Luis Gil scored in the fifth minute, and the United States held on for a 1-1 tie against Colombia at Barranquilla on Friday in the opener of a two-leg playoff for the final berth in this year’s men’s Olympic soccer tournament.
In the matchup of under-23 teams. Colombia had 76 percent possession in the first half but didn’t break through until Juan Quintero tied it with a penalty kick in the 68th.
The second leg of the total-goals series is Tuesday at Frisco, Texas. The U.S. is in danger of failing to qualify for consecutive Olympics for the first time since 1960-68; it was forced into the playoff by losing to Honduras last October in the semifinal round of regional qualifying in North and Central America and the Caribbean.
Ethan Horvath, the starting American goalkeeper, was replaced by Cody Cropper in the 45th minute, about seven andminutes after Horvath cleared the ball with a header just outside the penalty area and collided with Andres Renteria. Cropper was down for an extended period, remained in the game for a short stretch, then came out.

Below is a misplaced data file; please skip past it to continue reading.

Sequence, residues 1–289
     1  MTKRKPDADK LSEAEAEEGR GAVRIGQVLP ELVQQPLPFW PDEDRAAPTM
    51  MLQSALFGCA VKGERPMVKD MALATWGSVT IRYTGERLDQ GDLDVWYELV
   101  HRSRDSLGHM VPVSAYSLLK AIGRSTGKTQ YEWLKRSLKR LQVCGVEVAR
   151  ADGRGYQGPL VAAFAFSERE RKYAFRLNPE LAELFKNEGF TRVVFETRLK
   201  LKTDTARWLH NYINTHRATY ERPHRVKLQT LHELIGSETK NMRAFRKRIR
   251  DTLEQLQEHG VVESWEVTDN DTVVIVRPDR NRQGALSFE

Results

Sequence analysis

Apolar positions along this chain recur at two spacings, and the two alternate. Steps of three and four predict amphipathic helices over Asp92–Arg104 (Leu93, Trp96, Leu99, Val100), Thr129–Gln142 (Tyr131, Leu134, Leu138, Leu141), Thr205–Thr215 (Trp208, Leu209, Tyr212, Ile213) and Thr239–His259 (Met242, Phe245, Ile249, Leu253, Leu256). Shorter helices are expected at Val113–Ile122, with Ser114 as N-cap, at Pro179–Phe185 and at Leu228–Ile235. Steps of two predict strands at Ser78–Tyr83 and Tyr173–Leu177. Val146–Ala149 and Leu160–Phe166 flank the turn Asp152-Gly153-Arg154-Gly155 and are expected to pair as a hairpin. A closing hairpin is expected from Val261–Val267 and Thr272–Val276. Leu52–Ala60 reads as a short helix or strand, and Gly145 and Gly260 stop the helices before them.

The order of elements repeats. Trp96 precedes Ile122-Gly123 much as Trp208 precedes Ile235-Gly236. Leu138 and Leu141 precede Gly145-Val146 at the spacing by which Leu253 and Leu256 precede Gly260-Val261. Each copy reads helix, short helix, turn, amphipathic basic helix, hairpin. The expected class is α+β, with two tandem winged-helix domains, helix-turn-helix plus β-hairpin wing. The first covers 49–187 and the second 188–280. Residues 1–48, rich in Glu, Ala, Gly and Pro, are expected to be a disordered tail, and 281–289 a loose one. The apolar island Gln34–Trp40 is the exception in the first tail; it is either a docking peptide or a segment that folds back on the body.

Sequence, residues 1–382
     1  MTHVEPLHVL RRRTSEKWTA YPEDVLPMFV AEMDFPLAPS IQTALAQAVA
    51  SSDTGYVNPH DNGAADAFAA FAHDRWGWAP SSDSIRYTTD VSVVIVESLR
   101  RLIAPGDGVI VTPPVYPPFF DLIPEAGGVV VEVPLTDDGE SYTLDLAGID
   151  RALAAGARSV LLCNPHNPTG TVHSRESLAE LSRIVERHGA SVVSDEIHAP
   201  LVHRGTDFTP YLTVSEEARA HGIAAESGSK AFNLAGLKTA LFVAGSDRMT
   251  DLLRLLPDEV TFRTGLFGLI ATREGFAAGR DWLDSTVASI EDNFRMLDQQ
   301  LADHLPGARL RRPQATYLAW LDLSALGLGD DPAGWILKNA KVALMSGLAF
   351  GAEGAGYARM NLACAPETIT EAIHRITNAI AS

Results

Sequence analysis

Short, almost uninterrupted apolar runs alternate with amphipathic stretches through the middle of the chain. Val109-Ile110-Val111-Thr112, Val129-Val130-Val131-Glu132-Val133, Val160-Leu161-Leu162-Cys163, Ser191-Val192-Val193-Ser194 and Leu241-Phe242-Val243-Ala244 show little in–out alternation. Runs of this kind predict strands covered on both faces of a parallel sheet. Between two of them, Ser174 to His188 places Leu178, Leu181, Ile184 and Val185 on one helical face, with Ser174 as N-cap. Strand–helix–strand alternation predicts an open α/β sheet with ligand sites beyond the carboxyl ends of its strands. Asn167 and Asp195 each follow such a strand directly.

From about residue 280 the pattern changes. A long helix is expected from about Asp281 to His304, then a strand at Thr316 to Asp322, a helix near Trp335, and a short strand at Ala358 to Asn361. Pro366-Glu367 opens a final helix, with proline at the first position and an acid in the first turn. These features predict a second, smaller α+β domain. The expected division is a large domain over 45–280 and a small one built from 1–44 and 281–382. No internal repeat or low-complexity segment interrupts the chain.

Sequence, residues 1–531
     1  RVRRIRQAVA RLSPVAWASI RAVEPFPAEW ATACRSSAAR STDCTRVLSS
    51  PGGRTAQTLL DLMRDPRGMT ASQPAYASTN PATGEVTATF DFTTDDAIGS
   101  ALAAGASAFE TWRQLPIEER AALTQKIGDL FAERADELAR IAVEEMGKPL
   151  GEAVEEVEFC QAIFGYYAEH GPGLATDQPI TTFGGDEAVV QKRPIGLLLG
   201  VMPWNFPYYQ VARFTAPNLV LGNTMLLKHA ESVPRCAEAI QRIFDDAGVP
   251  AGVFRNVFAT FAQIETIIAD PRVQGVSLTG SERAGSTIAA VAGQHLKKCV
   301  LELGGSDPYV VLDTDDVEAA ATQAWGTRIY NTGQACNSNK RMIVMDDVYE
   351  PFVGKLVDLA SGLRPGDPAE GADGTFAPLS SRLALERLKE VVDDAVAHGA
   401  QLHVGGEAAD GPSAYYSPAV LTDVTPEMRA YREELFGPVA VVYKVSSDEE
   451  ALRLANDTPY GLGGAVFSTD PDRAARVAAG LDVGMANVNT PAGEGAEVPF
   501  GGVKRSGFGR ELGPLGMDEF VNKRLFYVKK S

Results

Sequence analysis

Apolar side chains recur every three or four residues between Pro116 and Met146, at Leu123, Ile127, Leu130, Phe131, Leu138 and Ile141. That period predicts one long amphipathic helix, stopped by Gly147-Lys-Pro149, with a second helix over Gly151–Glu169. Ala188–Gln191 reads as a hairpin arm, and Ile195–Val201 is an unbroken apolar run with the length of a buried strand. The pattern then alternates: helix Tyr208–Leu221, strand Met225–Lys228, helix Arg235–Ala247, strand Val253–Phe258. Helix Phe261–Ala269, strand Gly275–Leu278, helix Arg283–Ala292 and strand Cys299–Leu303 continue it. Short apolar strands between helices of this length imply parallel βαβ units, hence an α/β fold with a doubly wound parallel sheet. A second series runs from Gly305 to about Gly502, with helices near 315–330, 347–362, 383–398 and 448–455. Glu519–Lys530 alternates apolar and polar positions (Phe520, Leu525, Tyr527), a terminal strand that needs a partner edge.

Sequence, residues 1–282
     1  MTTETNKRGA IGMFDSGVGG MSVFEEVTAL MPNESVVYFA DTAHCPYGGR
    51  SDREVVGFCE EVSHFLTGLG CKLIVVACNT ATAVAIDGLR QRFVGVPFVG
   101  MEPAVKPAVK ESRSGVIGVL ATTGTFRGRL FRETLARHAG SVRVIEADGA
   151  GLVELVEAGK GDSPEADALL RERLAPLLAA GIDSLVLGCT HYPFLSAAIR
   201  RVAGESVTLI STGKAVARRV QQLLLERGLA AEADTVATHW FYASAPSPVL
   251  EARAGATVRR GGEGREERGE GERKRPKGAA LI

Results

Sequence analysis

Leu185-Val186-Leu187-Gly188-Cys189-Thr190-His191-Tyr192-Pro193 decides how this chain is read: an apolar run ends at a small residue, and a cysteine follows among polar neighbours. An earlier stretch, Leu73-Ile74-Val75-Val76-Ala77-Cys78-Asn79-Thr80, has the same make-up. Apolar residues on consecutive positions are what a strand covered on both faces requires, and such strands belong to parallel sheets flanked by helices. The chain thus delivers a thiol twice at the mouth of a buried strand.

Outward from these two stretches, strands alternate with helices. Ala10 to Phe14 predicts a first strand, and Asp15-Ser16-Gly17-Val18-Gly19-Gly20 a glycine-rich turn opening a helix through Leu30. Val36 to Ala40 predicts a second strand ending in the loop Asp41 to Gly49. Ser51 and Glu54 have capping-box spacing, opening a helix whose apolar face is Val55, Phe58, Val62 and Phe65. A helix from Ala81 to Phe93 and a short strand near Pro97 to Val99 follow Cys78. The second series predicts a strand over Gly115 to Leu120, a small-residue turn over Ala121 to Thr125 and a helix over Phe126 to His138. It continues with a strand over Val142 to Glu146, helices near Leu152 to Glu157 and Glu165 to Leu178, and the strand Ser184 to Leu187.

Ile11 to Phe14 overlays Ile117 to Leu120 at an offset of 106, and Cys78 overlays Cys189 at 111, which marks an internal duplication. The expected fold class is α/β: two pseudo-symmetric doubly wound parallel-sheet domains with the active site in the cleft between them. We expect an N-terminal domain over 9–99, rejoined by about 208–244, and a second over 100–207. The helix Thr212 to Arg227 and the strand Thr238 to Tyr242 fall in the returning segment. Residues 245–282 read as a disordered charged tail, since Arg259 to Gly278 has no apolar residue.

It was 91 degrees with 60 percent humidly when the game kicked off in late afternoon, and the Americans wore predominantly black uniforms in the heat.
The U.S. scored after Horvath passed to Will Trapp, who played the ball to Gil. He sent the wide to Mario Rodriguez, who dribbled to the end line. Rodriguez muscled off Davinson Sanchez and cut the ball back to Gil, who scored with a right-footed shot from just past the penalty spot.
Colombia pinned the U.S. in its own half for much of the game, and the Americans threatened primarily with counterattacks. Jordan Morris, playing with the under-23s rather than joining the national team for Friday’s World Cup qualifier at Guatemala, hit the crossbar with a long-range attempt in the 64th minute.
Colombia tied the score after Turkish referee Cuneyt Cakir – who worked last year’s Champions League final – called American defender Kellyn Acosta for pulling an arm of Rafael Santos Borre in the area. Quintero slotted the ball to Cropper’s right.